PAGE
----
Slonimsky was in touch with C. C. Birchard on Ives’ behalf, by 1935 the two had negotiated a deal. Ives and Slonimsky both painstakingly proofread the score, note by note, to make sure the engravings were correct. In 1935, Ives held a copy of his first work in his hands, he had requested that the binding bear his name in as small a font as possible, so as to not appear egotistical. For m
The tuba is the largest and lowest-pitched musical instrument in the brass family. As with all brass instruments, the sound is produced by lip vibration into a large mouthpiece, it first appeared in the mid-19th century, making it one of the newer instruments in the modern orchestra and concert band. The tuba replaced the ophicleide. Tuba is Latin for'trumpet'. In America, a person who plays the tuba is known as a tubist. In the United Kingdom, a person who plays the tuba in an orchestra is known as a tuba player. Prussian Patent No. 19 was granted to Wilhelm Friedrich Wieprecht and Johann Gottfried Moritz on September 12, 1835 for a "bass tuba" in F1. The original Wieprecht and Moritz instrument used five valves of the Berlinerpumpen type that were the forerunners of the modern piston valve; the first tenor tuba was invented in 1838 by son of Johann Gottfried Moritz. The addition of valves made it possible to play low in the harmonic series of the instrument and still have a complete selection of notes.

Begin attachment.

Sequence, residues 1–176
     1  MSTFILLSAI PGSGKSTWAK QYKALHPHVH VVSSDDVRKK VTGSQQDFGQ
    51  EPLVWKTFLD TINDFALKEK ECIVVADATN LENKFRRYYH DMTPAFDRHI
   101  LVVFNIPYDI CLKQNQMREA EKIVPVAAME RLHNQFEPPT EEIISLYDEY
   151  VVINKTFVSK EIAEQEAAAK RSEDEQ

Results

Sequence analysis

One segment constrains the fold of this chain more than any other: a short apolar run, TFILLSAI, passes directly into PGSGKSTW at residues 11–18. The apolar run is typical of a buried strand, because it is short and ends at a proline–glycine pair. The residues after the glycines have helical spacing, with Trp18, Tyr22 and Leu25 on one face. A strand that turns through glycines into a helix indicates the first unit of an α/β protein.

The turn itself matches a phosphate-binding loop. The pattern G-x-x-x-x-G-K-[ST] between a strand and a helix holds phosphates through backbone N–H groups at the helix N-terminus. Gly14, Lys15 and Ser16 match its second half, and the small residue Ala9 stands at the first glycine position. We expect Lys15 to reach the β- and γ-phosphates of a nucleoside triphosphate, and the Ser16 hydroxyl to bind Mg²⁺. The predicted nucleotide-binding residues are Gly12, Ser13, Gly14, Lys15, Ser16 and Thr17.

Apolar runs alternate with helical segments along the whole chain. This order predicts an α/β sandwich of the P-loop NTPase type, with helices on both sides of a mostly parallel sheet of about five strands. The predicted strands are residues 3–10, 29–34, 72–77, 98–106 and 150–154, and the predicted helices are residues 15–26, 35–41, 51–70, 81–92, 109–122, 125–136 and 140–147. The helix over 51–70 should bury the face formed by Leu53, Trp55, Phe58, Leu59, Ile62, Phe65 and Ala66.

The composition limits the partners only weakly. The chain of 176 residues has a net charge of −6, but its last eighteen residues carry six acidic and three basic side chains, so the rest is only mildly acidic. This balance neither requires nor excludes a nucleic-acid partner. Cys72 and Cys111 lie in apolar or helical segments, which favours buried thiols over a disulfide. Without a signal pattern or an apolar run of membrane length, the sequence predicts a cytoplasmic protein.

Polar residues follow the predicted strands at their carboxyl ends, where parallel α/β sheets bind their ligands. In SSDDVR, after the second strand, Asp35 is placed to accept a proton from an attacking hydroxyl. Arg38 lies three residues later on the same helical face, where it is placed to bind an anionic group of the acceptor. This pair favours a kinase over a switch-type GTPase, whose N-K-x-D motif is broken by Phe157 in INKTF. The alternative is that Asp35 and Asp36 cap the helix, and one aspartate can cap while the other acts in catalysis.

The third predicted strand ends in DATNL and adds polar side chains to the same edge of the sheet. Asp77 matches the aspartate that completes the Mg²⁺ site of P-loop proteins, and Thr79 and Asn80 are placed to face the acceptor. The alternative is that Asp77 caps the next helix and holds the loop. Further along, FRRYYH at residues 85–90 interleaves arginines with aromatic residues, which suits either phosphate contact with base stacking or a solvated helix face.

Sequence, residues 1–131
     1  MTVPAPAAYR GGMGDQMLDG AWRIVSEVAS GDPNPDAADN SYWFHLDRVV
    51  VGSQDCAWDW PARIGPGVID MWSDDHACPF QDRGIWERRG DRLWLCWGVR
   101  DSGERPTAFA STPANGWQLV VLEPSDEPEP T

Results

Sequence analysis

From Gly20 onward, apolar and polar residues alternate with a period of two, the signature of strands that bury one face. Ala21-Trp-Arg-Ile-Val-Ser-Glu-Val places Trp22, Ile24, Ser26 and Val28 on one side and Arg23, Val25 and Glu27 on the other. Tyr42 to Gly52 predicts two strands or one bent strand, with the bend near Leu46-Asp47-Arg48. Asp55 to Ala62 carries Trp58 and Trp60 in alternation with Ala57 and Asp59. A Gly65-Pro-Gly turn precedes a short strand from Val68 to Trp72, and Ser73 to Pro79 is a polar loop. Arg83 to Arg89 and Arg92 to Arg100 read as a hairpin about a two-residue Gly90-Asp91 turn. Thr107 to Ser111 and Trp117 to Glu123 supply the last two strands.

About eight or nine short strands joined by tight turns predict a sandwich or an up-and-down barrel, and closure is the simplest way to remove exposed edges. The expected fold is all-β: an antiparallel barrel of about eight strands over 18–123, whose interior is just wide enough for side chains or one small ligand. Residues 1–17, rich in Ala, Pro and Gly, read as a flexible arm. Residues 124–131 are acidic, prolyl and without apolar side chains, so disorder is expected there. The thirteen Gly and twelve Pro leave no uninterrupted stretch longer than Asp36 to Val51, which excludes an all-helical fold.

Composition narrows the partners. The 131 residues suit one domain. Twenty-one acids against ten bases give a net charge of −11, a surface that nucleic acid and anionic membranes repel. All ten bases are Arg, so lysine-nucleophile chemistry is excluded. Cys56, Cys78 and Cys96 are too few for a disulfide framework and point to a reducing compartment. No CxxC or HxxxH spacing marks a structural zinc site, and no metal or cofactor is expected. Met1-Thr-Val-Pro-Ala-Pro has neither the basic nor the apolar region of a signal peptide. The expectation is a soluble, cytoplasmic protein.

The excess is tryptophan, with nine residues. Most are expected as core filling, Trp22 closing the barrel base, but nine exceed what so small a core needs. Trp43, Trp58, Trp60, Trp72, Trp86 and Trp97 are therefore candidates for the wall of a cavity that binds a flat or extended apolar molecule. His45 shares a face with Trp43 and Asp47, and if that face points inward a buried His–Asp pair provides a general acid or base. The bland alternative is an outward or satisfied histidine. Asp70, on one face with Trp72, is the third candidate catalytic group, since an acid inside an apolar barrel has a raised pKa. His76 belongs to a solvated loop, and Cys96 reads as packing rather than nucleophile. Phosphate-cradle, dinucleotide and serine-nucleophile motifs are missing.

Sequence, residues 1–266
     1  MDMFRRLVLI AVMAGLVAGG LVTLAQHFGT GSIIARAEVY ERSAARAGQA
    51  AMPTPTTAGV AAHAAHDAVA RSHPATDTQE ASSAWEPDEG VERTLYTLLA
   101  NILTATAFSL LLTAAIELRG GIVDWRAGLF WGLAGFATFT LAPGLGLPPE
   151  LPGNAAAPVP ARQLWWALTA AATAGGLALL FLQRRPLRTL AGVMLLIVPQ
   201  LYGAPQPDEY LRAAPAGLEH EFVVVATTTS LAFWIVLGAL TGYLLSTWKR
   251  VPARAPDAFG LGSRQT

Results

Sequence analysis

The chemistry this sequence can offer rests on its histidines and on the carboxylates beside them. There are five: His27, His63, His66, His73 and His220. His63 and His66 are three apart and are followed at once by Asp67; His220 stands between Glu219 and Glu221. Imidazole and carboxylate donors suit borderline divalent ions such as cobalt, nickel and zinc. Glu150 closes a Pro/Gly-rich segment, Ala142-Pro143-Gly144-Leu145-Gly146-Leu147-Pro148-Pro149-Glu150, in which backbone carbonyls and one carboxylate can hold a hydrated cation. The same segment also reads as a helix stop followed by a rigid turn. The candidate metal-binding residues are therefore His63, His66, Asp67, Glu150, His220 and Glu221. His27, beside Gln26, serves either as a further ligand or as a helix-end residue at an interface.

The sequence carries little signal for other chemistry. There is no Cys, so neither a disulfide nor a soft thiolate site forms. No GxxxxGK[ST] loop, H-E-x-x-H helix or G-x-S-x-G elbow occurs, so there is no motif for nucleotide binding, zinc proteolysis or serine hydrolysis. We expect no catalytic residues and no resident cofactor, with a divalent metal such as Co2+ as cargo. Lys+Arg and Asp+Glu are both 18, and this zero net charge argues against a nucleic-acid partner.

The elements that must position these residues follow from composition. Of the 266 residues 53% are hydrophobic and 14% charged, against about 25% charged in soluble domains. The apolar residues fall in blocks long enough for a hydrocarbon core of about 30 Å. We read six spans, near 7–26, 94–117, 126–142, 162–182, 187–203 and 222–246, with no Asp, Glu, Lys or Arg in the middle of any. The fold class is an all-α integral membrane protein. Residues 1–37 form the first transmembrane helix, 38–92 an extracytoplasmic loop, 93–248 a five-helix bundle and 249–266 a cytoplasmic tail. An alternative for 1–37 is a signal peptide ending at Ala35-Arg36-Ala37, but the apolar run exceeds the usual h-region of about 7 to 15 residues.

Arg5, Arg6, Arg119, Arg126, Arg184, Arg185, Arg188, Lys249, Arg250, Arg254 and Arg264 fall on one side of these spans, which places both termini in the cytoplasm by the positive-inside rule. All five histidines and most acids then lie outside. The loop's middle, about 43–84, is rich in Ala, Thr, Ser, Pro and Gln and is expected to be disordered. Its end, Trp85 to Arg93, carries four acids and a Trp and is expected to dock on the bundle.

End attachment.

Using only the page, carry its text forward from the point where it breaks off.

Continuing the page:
Prior to the invention of valves, brass instruments were limited to notes in the harmonic series, were thus played high with respect to their fundamental pitch. Harmonics starting three octaves above the fundamental pitch are about a whole step apart, making a useful variety of notes possible; the ophicleide used a bowl-shaped brass instrument mouthpiece but employed keys and tone holes similar to those of a modern saxophone. Another forerunner to the tuba was the serpent, a bass instrument, shaped in a wavy form to make the tone holes accessible to the player. Tone holes changed the pitch by providing an intentional leak in the bugle of the instrument. While this changed the pitch, it had a pronounced effect on the timbre. By using valves to adjust the length of the bugle the tuba produced a smoother tone that led to its popularity. Adolphe Sax, like Wieprecht, was interested in marketing systems of instruments from soprano to bass, developed a series of brass instruments known as saxhorns; the instruments developed by Sax were pitched in E♭ and B♭, while the Wieprecht "basstuba" and the subsequent Cerveny contrabass tuba were pitched in F and C.